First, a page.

LIVONIA, Mich. (NewsNation) — The United Auto Workers (UAW) is set to assess potential strike support Thursday as contract talks with Detroit’s ‘Big Three’ automakers continue.
Local unions voted on walking out amid negotiations over a new four-year labor agreement this week.
Members of UAW, which represents nearly 150,000 assembly line workers at General Motors, Ford and Stellantis, have expressed confidence in passing work stoppage.
UAW expects national vote results Thursday night or possibly Friday morning.
Dozens of members practiced picketing in the parking lot of Stellantis in Detroit Wednesday afternoon, where NewsNation spoke with UAW President Shawn Fain one-on-one at the event.
“We’re already getting results back from several locals, they’re are 99%, 98%,” Fain said. “The members are fed up, they’re ready for change.”
Fain said his message to automakers is workers need fair compensation amid record auto industry profits.
“Record profits, equal record contracts. They’ve enjoyed a decade of high profits. In the first six months of this year, they’ve recognized $21 billion in profits, and our workers’ wages went backward. There’s no excuse for that.
Workers stress the importance of standing in solidarity as negotiations continue.
“We’re all in this together across the board,” said UAW member Jaron Garza. “We’re not just fighting for us, we’re fighting for all working people. UAW has built the middle class and we’ve gotten away from that.”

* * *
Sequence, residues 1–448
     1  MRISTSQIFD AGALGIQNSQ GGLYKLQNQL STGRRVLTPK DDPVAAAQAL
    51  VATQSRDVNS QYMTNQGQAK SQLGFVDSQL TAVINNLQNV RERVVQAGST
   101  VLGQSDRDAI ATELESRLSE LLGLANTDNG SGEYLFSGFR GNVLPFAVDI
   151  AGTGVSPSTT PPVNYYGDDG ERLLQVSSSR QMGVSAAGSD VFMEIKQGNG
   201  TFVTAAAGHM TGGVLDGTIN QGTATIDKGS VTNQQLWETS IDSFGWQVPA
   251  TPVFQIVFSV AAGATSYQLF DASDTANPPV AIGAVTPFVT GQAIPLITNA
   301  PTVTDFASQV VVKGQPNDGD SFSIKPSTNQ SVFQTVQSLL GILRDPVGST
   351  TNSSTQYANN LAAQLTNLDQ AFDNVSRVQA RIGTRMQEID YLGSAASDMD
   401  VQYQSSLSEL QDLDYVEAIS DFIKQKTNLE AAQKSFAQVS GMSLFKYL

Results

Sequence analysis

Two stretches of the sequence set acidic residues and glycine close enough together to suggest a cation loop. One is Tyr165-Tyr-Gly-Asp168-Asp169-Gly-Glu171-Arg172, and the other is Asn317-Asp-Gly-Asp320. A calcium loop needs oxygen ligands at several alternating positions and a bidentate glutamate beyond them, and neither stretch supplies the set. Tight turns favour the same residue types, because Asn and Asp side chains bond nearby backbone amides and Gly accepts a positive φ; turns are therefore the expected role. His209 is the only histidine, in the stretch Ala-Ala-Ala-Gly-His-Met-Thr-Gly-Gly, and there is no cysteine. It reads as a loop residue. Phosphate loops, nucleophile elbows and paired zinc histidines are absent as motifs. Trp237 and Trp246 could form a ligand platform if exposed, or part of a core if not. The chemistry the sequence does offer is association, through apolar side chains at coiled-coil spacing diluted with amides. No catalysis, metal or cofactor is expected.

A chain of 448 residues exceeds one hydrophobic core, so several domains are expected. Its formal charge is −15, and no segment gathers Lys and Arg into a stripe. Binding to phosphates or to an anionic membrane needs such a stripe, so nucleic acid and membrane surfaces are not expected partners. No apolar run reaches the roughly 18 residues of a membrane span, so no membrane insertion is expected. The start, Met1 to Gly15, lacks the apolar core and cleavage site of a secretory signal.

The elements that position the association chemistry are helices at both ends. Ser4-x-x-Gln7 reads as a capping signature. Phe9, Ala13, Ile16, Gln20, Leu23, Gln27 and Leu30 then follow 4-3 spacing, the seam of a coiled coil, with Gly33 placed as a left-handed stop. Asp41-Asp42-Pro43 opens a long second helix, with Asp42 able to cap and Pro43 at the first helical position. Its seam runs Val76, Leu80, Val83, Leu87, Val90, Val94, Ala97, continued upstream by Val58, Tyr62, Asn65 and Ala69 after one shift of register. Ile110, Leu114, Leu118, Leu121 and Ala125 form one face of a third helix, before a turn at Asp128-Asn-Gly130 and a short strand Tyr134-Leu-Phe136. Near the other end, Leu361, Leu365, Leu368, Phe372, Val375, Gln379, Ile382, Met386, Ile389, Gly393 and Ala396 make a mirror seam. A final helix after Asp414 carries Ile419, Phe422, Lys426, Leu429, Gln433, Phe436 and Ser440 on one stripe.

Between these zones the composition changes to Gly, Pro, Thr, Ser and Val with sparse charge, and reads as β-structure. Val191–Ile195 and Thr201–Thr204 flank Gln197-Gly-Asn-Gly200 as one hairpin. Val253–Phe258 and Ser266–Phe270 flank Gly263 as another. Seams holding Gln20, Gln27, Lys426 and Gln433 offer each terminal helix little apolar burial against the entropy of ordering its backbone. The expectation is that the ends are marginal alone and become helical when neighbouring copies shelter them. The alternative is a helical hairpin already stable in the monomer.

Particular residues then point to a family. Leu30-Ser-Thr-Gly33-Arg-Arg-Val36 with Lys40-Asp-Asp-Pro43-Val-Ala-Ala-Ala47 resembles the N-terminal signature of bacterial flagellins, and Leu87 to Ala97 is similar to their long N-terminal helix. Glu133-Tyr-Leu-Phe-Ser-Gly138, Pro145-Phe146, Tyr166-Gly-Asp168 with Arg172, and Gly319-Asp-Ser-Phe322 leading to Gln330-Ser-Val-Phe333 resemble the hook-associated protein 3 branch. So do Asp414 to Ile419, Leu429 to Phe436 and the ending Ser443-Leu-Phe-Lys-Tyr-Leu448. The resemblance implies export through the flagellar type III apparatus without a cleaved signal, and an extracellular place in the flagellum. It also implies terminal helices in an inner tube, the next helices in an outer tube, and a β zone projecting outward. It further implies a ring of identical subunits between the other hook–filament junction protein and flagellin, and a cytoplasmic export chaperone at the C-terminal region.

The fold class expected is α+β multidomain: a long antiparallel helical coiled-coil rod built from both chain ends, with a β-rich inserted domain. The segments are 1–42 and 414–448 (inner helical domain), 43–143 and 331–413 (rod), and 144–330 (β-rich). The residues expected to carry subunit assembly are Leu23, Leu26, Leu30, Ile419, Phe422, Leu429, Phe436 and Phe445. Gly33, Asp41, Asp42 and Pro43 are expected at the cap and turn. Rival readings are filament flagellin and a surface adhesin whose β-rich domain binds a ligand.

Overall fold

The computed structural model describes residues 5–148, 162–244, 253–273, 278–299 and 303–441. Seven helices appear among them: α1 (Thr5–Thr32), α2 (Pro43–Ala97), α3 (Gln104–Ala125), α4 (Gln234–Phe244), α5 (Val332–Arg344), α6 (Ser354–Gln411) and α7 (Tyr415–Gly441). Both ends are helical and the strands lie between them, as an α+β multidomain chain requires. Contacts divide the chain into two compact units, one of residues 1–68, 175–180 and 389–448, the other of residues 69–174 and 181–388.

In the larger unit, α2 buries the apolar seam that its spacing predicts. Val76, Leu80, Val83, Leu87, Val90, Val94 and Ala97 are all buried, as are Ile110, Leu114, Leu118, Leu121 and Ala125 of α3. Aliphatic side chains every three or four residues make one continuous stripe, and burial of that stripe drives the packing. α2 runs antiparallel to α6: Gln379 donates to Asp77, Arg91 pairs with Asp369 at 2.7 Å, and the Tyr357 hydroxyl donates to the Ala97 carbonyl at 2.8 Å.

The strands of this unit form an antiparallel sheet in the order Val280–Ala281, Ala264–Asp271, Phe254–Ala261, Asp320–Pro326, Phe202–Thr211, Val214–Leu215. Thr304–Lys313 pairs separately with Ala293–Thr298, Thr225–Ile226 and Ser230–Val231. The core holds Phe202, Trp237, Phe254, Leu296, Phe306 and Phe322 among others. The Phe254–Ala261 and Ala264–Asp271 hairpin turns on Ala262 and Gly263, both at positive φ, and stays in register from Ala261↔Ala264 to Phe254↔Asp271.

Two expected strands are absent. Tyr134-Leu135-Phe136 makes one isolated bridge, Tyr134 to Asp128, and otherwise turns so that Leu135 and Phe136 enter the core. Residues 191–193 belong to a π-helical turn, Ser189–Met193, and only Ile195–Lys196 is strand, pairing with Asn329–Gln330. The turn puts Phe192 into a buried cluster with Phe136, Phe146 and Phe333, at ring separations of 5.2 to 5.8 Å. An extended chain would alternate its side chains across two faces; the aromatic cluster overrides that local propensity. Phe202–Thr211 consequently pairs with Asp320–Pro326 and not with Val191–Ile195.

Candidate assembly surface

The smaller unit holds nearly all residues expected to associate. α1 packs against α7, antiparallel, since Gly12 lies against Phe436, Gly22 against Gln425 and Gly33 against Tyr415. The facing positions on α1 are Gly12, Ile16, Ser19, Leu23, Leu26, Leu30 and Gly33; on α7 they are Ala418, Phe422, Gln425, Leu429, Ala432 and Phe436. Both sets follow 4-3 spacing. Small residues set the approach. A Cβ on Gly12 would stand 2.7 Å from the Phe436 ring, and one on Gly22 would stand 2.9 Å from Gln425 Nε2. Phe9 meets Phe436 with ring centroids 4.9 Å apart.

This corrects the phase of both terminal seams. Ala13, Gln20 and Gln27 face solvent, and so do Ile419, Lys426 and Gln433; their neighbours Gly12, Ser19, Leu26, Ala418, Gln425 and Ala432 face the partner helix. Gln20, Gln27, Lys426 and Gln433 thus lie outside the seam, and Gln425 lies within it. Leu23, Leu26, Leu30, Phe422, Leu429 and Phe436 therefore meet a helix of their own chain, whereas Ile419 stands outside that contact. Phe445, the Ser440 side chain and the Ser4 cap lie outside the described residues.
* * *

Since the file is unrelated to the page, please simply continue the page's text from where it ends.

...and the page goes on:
Workers demand fair compensation amid record auto industry profits. Other demands include a pay raise exceeding 40% for workers, reinstating cost of living adjustments, the end of tiered wage systems and implementing a 32-hour work week.
“This is our moment,” Fain said. “It’s our generation-defining moment.”
According to the Anderson Economic Group, a strike could result in a substantial economic loss exceeding $5 billion.
Ford, GM and Stellantis have all issued statements regarding the tense negotiations, each assuring their commitment to prioritizing the well-being of UAW workers.
“They’ve made a lot of money since and it hasn’t been reciprocated. All we’re asking for is loyalty from the company that we’ve given them,” Garza said.
President Joe Biden has also entered the discussion, putting pressure on the automakers by expressing his expectation that all parties collaborate to establish an equitable agreement.
The union requires at least two-thirds of the voting members to authorize the strike. If it passes, the work stoppage would go into effect when the current contract expires at 11:59 p.m. Sept. 14.